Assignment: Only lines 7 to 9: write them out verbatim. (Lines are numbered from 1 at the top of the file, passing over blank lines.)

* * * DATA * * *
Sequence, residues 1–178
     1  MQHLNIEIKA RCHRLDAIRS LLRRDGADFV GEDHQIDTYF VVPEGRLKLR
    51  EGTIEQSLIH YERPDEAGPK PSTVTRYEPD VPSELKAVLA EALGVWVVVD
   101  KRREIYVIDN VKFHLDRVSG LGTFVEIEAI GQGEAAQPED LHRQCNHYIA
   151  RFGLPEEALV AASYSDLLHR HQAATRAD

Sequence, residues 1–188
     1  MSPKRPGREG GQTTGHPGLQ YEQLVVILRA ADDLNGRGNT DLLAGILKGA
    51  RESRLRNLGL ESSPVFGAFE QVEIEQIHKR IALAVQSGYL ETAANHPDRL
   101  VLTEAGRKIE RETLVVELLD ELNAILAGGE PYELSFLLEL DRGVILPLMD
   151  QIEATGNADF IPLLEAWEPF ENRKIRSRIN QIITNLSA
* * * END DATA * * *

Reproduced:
     1  MSPKRPGREG GQTTGHPGLQ YEQLVVILRA ADDLNGRGNT DLLAGILKGA
    51  RESRLRNLGL ESSPVFGAFE QVEIEQIHKR IALAVQSGYL ETAANHPDRL
   101  VLTEAGRKIE RETLVVELLD ELNAILAGGE PYELSFLLEL DRGVILPLMD